“The death of Manuel Noriega closes a chapter of our history,” Panama president, Juan Carlos Varela said.
Panamanian ex-general Manuel Noriega died Monday night at the age of 83 in the Santo Tomas hospital, government officials confirmed.
On condition of anonymity, a government official said Noriega died at around 11 p.m. local time after his condition suddenly took a turn for the worse. “Mr. Noriega died tonight,” Secretary of State for Communication Manuel Dominguez confirmed to the AFP.
Sitting Panamanian President Juan Carlos Varela also posted the announcement of Noriega’s death on Twitter late Monday night. “The death of Manuel Noriega closes a chapter of our history, his daughters and their families deserve a funeral in peace,” Panama president, Juan Carlos Varela said in the post.
Noriega had temporarily left the Renacer prison on Jan. 28 – where he was serving sentences for disappearances and murders – in order to undergo an operation.
Following a March 7 operation for a benign tumor, in the Panamanian capital, he was readmitted due to brain bleeding. A subsequent operation resulted in the ex-dictator being in critical condition until the time of his death.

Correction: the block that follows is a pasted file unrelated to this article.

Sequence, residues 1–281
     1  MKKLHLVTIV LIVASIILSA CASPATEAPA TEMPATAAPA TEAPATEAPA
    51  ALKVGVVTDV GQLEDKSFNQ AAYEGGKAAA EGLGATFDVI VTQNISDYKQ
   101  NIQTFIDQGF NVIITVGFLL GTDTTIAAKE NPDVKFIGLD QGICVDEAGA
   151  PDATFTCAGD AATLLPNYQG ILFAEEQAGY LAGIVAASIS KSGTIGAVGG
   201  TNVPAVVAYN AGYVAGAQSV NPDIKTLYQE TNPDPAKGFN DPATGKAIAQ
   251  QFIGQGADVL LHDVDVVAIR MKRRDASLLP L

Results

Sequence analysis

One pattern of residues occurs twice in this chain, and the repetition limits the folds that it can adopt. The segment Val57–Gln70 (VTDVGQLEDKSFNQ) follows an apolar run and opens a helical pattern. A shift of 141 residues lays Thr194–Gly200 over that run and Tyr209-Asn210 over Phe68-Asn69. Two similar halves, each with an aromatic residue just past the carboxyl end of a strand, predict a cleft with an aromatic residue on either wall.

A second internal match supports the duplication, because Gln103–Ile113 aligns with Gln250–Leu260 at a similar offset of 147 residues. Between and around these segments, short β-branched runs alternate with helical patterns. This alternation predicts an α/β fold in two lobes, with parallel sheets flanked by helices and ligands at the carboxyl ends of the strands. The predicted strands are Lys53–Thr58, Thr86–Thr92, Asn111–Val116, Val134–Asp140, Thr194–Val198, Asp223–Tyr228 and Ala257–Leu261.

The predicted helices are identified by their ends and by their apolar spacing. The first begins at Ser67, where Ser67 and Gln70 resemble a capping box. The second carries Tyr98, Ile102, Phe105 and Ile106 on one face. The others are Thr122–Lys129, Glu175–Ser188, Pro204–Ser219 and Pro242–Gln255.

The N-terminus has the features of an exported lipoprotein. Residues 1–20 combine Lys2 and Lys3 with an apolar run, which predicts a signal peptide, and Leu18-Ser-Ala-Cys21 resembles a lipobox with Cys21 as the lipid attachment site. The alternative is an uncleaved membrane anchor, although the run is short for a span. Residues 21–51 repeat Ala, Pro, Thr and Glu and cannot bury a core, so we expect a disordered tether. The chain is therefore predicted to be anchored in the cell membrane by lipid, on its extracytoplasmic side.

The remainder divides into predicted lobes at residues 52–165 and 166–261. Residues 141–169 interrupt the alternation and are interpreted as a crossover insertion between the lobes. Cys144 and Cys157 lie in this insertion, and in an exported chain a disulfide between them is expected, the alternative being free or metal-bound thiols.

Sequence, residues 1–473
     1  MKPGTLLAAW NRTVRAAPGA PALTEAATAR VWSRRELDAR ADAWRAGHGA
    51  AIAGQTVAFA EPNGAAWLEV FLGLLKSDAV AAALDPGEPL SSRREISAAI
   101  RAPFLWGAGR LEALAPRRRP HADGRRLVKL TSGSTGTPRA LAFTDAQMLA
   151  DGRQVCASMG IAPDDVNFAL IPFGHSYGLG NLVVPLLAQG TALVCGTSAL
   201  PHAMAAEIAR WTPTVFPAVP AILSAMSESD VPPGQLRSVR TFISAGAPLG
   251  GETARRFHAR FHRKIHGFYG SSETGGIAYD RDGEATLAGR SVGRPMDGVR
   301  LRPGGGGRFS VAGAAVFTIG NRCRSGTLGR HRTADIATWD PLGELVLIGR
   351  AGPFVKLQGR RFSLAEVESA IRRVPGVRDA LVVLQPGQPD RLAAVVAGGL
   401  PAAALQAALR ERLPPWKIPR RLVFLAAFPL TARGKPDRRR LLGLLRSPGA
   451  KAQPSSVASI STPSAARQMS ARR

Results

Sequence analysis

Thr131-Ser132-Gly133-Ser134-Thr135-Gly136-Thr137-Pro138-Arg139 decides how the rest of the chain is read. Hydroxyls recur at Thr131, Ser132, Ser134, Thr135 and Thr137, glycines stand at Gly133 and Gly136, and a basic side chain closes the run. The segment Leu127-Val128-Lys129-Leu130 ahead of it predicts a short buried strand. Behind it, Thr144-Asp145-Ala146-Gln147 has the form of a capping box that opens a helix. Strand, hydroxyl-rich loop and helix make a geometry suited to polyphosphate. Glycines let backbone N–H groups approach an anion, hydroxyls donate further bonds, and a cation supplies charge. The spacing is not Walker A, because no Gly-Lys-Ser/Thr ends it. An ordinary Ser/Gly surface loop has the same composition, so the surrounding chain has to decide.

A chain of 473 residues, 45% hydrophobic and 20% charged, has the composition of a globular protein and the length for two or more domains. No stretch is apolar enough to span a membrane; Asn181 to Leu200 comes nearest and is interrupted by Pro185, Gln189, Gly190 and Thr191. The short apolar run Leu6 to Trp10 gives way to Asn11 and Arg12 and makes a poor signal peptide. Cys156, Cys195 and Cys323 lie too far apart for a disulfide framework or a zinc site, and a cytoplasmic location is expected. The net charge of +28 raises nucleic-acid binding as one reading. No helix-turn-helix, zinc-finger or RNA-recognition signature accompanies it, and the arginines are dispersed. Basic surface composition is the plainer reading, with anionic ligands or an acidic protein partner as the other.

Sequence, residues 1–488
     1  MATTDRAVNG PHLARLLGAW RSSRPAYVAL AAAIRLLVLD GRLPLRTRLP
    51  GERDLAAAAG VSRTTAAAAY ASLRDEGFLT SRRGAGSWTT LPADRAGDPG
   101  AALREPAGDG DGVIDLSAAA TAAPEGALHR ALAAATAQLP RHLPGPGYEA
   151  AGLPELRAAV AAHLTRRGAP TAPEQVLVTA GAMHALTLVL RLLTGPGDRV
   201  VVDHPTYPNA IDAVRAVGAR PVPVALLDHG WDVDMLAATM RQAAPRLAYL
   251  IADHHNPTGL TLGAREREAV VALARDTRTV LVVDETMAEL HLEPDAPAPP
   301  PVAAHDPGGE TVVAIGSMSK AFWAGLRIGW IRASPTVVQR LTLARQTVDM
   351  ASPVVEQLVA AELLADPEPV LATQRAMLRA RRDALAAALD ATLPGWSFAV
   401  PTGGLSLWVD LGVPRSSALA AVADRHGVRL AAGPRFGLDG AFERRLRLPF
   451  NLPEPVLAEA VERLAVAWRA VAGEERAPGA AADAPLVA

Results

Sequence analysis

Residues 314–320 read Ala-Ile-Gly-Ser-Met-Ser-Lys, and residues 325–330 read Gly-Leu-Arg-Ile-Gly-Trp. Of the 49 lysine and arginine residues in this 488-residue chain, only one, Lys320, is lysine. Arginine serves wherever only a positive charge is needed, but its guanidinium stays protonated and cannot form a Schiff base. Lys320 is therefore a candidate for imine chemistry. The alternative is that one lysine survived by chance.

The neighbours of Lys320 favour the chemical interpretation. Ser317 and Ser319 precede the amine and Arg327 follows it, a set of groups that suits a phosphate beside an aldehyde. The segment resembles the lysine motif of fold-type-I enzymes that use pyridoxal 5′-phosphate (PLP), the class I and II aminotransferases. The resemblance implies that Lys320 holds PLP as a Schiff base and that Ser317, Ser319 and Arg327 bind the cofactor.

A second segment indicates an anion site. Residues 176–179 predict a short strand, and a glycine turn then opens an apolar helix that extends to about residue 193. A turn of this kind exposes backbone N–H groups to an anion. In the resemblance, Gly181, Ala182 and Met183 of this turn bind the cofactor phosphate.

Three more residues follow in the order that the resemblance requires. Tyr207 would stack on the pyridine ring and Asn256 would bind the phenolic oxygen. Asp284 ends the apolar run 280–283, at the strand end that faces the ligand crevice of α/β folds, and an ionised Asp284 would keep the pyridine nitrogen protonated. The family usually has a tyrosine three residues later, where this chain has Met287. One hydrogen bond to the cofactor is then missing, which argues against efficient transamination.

The military ruler of the Central American state made headlines around the world when his relationship with the United States took a turn for the worst. This caused Washington to deploy some 28,000 troops to seize Panama City and capture him.
Noriega, who ruled Panama from 1983 to 1989, was reportedly a spy for the Central Intelligence Agency prior to the U.S. toppling his regime – putting an end to his alleged links to drug traffickers like Pablo Escobar
After the bloody U.S. military invasion in 1989, he was imprisoned for alleged drug trafficking and money laundering in the U.S. and France, which later extradited him to Panama in 2011. Noriega spent the rest of his life in custody between the U.S., France and Panama for crimes ranging from murder to racketeering and drug-running.
In Panama, he was serving three sentences for the disappearance and murder of opponent Hugo Spadafora in 1985, military official Moises Giroldi in 1989, as well as the so-called Albrook massacre – where several soldiers died after revolting in 1989.
He also had other pending cases for disappearances that took place when he was head of the defunct National Guard.